Just over a week ago, Anna Norquist was a healthy 30-year-old woman with a passion for gymnastics. On December 14, everything changed. She developed toxic shock syndrome (TSS), a rare, potentially lethal condition that has resulted in multiple limb amputations. Now, Norquist is struggling to stay alive.
It all started when Norquist went to Chicago last weekend to see a concert, her father told Fox 59, a TV news station based in Indianapolis. After returning home on Sunday, “she didn’t feel well and thought she was getting flu-like symptoms. Then, by Monday, she was fighting for her life,” Gordon Norquist said.
Doctors aren’t completely sure how Norquist contracted the condition, but they believe it’s a secondary complication of a primary infection with Streptococcus, the same type of bacteria that can cause strep throat, her family told Fox 59.
As TSS took hold, the bacteria spread rapidly through Norquist’s body, releasing toxins that resulted in the amputation of both her right arm and her left leg. When she’s stable enough, doctors are also planning to amputate her left hand. She’s already undergone 10 surgeries and will likely need more.
According to Mayo Clinic, TSS is a life-threatening complication of certain types of bacterial infections. Risk factors include recent surgery and open wounds. You’ve probably heard that TSS can develop if you leave in your tampon for too long. While this is also a risk factor, keep in mind that TSS is a very rare condition and less than half of all cases every year are associated with tampon use, according to the National Institutes of Health.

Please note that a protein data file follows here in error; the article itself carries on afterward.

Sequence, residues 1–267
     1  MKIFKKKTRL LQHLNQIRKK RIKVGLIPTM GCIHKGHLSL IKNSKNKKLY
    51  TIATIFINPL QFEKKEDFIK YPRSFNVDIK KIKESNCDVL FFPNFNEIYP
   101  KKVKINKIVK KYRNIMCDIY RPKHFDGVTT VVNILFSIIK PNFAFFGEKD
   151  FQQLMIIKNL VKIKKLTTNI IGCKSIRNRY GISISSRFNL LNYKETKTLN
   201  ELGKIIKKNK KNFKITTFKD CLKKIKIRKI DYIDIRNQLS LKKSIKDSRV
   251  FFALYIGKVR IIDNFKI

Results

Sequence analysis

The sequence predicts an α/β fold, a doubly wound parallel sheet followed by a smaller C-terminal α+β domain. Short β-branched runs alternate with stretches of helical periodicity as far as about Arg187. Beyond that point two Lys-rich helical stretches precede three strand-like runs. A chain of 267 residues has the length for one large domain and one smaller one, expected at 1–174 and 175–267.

Symptoms of TSS include sudden fever, low blood pressure, vomiting, diarrhea, confusion, muscle aches, and headaches. Another sign of TSS is a rash resembling a sunburn, particularly on the palms and soles If you experience these symptoms, you should see a doctor immediately, especially if you already have a wound or infection.
TSS is very serious, and Norquist isn’t the first person to lose her limbs to the condition. In 2012, model Lauren Wasser lost part of her right leg in a battle with TSS stemming from tampon use. Wasser survived, but even after she beat the infection, she still lived with excruciating pain. In January 2018, about six years after she originally contracted TSS, she had her other leg amputated.
Wasser has been able to return to modeling, and a return to her regular life is what Norquist’s parents hope will happen for their daughter. “She’s a beautiful person, she has a fighting spirit,” Gordon Norquist explained to Fox 59. “None of the doctors expected her to survive and she is remarkable.”
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